Your rights at an auto accident

QUESTION: If I'm involved in a car accident, do I have to answer the police officer's questions about how the accident occurred? Don't I have the right to remain silent?

ANSWER: The general answer is yes. Florida Statute Section 316.062 requires anyone who is involved in an automobile accident involving injury or death to a person, or damage to property must stop in order to provide assistance and must also provide certain information either to the other driver involved n the accident or to a police officer upon request. In return, however, the information so given is subject to an "accident report privilege". This privilege is found at Florida Statute Section 316.066(4) which states: "Each crash report made by a person involved in a crash and any statement made by such person to a law enforcement officer for the purpose of completing a crash report required by this section shall be without prejudice to the individual so reporting. No such report or statement shall be used as evidence in any trial, civil or criminal.

This law explains why, for those who may have sat on a jury involving an automobile accident case, why the accident report was never discussed or entered into evidence. Another law, Florida Statute 316.650(9) prohibits introducing traffic tickets as evidence in a trial. Thus, a jury in a civil case will not see the accident report which describes the accident sued upon and will not learn which party, if any, was issued a citation for the accident. There is an exception to the general requirement that information be provided to an investigating officer. This is where the officer completes his "accident investigation phase" and begins his "criminal investigation" into the accident. Where this occurs, a separate officer from the one conducting the "accident investigation" may take over the "criminal investigation" or the same officer may conduct both investigations. Where this occurs, the officer should clearly inform you that he has completed his accident investigation and is beginning a criminal investigation. Once the criminal investigation has begun, the person being interviewed has the right to refuse to answer any further questions. However, if the person elects to voluntarily cooperate with the officer and continues to answer questions, any answers so given may be introduced into evidence in any subsequent criminal or civil proceeding.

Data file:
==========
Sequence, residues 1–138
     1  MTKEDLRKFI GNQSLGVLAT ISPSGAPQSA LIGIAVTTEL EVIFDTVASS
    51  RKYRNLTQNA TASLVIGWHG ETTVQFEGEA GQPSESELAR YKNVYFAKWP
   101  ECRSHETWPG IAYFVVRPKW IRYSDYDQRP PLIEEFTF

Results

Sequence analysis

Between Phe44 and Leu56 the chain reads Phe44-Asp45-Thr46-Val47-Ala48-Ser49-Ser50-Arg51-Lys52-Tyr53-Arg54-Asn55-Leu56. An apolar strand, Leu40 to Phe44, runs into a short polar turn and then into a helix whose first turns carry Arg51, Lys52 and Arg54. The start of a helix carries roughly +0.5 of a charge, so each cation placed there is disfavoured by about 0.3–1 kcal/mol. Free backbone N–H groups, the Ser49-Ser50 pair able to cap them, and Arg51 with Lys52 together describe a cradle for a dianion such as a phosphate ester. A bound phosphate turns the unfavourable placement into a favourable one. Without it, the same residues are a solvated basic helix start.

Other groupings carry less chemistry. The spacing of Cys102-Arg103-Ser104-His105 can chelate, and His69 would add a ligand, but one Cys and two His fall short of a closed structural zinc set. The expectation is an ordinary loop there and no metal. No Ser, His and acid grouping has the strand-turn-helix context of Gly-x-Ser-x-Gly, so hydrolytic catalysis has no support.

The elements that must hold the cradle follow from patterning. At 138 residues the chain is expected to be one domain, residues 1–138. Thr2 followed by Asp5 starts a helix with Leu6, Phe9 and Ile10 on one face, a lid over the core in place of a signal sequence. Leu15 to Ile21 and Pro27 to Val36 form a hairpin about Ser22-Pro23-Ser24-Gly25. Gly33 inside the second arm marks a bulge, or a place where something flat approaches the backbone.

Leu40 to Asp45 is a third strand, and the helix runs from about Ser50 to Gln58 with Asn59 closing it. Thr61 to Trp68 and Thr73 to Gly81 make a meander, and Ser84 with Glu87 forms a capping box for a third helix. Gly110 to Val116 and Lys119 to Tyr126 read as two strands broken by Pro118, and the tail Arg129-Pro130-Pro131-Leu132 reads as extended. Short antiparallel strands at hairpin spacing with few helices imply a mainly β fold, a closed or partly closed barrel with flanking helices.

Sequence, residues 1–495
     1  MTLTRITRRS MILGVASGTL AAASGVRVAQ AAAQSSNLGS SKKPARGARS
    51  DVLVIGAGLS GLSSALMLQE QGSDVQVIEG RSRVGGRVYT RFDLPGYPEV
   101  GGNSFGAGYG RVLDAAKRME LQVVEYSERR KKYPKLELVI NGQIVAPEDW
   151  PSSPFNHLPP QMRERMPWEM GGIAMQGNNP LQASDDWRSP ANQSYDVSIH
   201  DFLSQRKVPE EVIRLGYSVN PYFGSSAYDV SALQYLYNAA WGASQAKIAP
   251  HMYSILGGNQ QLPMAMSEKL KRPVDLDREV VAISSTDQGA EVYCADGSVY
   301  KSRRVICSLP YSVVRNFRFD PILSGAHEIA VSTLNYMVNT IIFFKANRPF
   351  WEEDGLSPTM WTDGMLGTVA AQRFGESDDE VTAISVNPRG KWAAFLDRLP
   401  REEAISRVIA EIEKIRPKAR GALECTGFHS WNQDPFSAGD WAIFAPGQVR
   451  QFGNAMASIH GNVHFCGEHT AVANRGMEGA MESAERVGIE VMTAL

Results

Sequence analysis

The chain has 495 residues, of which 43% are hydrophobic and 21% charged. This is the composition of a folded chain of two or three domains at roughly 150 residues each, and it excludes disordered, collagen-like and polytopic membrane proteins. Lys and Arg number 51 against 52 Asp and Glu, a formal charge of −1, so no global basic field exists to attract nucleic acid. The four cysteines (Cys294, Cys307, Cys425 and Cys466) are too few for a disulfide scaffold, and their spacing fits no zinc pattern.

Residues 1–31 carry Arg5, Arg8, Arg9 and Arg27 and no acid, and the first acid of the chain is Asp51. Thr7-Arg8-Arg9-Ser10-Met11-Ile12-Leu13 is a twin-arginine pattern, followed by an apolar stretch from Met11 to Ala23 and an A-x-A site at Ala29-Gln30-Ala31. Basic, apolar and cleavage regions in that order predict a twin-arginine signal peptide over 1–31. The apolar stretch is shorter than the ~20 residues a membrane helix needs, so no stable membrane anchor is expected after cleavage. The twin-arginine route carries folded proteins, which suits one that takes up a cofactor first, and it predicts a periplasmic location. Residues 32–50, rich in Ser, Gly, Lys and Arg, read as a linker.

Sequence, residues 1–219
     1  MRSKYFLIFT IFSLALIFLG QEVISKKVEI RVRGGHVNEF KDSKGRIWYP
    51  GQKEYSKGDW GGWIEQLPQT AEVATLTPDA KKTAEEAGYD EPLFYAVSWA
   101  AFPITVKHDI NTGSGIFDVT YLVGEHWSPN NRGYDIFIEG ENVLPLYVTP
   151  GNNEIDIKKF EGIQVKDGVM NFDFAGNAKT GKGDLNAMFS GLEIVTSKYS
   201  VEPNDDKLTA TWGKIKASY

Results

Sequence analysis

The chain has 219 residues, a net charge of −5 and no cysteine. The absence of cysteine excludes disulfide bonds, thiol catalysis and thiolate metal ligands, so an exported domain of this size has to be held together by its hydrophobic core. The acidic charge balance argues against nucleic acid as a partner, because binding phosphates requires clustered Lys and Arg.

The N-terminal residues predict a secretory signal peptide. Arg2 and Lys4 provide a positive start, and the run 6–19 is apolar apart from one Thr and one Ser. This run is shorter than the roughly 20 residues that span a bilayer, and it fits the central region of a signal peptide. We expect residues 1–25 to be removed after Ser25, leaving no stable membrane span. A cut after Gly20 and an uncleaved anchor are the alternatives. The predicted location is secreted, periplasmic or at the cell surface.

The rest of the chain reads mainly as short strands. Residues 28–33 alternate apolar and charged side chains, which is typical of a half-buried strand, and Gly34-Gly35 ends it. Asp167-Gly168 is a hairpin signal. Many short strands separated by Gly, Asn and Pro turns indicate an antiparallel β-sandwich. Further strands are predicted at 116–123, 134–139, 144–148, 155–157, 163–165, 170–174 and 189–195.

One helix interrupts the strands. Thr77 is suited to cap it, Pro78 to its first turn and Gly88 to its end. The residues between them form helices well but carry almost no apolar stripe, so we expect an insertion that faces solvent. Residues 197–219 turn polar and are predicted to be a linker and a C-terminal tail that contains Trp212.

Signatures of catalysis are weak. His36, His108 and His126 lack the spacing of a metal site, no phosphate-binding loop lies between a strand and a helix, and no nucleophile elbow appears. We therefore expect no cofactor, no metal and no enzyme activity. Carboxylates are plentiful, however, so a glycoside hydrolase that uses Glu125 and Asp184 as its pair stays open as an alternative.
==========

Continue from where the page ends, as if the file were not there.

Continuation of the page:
If you ever find yourself in this situation, and you're unsure which part of the investigation the officer is conducting, you should ask the officer to provide this information to you. Then, unless you are clearly the victim of a crime rather than a potential suspect, most attorneys would recommend that you refrain from making any statements or answering any further questions until you have had an opportunity to speak with an attorney. As a general rule, your election to exercise your constitutional right to remain silent cannot be used against you at a later time, in court.

Caution: If you are being given a ticket for an automobile accident, the officer will probably ask that you sign the ticket. By doing so, you are not acknowledging guilt, but instead, you are only agreeing to appear in court or follow those procedures for taking care of the ticket specified in the directions you will receive. If you refuse to acknowledge receipt of the ticket by signing for it, the officer may place you under arrest.

The information contained herein is intended for the general education of members of the public interested in gaining additional knowledge about Florida law. While every effort has been made to insure the accuracy of this article, such accuracy is not warranted. If you require legal advise concerning a specific legal question, do not rely upon the information contained herein but instead, consult with a qualified attorney of your choice, or call the law firm of Allen R. Seaman, PA, 1601 Belvedere Rd Suite 506-E, West Palm Beach, FL 33406. (561) 540-3636.